Legislative leaders rolled out a tax plan Wednesday to pump about $677 million a year into Colorado’s ailing transportation system.
The centerpiece agenda item for this year’s legislative session could cover everything from traffic relief to buses and bike paths.
Voters in November would have to approve adding a 0.62 percent sales tax increase, on top of the existing 2.9 percent state levy.
The plan also comes with reductions to state vehicle registration fees.
Democrats in 2009 pushed higher registration fees, with the goal of generating about $200 million every year for state transportation projects. Republicans have long loathed the FASTER fees, so rolling some of it back for a larger transportation funding plan signals compromise.
House Bill 1242, introduced late Wednesday afternoon, would also allow for $3.5 billion in bonding, in which voters would approve a loan for transportation funding.
“At a time of such divisiveness in politics and with the elevation of hate and fear, one of the most important things I could do is make sure we continue to do what we have always done in Colorado, which is bring people together,” said House Speaker Crisanta Duran, D-Denver.
Duran is sponsoring the measure with Senate President Kevin Grantham, R-Canon City. The co-sponsorship by leadership offers a positive sign for the bill as it moves through a divided legislature.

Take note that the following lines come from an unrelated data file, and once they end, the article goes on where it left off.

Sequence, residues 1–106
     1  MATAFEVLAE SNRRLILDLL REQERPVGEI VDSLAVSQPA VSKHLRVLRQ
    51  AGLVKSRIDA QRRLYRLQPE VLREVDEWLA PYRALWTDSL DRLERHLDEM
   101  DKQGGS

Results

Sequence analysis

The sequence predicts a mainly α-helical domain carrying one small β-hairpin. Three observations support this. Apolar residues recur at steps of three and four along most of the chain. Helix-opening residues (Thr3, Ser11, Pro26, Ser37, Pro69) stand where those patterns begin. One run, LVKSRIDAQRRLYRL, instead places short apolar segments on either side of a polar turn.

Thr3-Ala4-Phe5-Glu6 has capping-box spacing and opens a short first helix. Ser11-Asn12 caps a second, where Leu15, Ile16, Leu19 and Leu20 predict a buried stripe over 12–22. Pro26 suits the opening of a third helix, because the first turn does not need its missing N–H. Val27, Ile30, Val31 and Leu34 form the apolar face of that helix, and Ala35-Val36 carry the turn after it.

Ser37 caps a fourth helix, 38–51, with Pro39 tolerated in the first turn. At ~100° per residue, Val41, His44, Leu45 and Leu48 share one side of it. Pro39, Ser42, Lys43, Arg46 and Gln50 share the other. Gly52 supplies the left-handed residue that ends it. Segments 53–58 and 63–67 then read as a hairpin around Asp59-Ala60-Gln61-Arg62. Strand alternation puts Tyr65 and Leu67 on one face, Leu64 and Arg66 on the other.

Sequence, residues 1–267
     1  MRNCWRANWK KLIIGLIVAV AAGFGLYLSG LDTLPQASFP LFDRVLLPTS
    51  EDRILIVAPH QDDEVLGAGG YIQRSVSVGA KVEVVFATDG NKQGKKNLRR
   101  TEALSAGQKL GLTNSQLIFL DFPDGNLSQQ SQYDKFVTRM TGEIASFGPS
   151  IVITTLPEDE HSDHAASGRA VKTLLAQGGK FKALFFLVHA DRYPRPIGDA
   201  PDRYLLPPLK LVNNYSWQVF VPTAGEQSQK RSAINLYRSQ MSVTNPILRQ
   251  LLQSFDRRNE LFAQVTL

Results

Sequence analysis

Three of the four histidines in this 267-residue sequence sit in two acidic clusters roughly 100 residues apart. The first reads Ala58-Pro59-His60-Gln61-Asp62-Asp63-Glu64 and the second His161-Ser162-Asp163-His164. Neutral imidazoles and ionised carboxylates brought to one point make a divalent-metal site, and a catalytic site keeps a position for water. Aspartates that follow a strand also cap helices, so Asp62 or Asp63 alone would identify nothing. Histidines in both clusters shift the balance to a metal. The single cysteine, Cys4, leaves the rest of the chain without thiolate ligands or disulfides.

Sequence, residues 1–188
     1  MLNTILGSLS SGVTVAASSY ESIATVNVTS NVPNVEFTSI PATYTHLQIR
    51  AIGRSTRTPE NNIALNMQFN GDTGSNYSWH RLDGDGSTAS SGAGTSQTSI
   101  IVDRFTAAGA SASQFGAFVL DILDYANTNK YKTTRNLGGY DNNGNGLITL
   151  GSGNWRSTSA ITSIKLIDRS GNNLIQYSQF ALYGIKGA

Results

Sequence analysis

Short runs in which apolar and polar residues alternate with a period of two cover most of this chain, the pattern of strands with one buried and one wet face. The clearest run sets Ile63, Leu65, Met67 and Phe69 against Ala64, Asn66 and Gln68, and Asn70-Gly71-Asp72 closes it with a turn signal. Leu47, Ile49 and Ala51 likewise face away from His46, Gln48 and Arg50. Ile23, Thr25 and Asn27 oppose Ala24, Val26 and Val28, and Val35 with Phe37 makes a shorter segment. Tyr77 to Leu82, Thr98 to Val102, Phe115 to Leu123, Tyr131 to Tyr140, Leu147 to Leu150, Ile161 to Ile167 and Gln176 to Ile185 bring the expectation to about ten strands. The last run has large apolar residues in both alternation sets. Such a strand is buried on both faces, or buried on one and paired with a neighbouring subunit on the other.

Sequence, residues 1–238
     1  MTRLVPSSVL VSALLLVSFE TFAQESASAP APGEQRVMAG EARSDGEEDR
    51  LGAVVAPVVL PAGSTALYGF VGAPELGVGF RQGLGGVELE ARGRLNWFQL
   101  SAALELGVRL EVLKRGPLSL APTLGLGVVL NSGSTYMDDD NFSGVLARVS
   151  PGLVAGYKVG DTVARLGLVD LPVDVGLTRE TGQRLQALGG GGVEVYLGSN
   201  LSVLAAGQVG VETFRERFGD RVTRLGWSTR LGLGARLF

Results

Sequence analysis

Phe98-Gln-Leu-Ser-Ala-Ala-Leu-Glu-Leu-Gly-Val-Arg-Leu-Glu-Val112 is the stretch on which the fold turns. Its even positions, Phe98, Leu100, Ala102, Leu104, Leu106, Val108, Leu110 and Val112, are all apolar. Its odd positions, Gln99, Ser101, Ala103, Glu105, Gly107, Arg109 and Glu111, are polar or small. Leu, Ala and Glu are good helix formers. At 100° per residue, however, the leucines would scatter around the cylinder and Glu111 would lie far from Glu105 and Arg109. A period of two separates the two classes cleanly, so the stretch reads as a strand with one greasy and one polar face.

But history and recent polling shows relying on fiscally conservative Colorado taxpayers, and going up against well-financed anti-tax groups is typically a fool’s errand.
Grantham and Duran have emphasized that the plan would let local leaders decide which projects work best in their communities.
Grantham called the introduction of the bill “a mile marker on the long and winding road to a long-term transportation fix for Colorado.”
“This bill probably isn’t what the final product will look like, because what’s being introduced is a work in progress and there’s still a lot of debate, compromise and hard work ahead before we’ll have a proposal good enough to pass muster with voters,” he said. “But I’m optimistic that we’ll get there in the end.”
Fix Colorado Roads, the primary statewide coalition of business leaders driving the issue, was happy to hear that legislative leadership came up with a bipartisan plan.
“This is the critical first step to addressing the significant needs to alleviate congestion and address safety concerns across the state,” said Sandra Hagen Solin, the coalition’s spokeswoman. “The bill has a long road ahead but the legislative leaders have demonstrated their leadership on this critical issue by beginning the conversation.”
If voters approve the 20-year annual tax, it would start in 2018.
The first $300 million would go to state projects. Of the remaining revenue, 70 percent would go to local governments and 30 percent would go to multimodal transportation projects.
Gov. John Hickenlooper, a Democrat, said he thinks it’s important for lawmakers to outline spending priorities in the bill. But that could be thorny, as a priorities list might divide rural and urban interests.
There is an allocation breakdown of funds in the measure, but it does not include a list of prioritized projects. Lawmakers said that list would come soon.
“There do have to be priorities and I think they have to be listed. I think the voters … they’re going to demand knowing what they’re paying for,” said Hickenlooper, who has made transportation funding a top priority this year.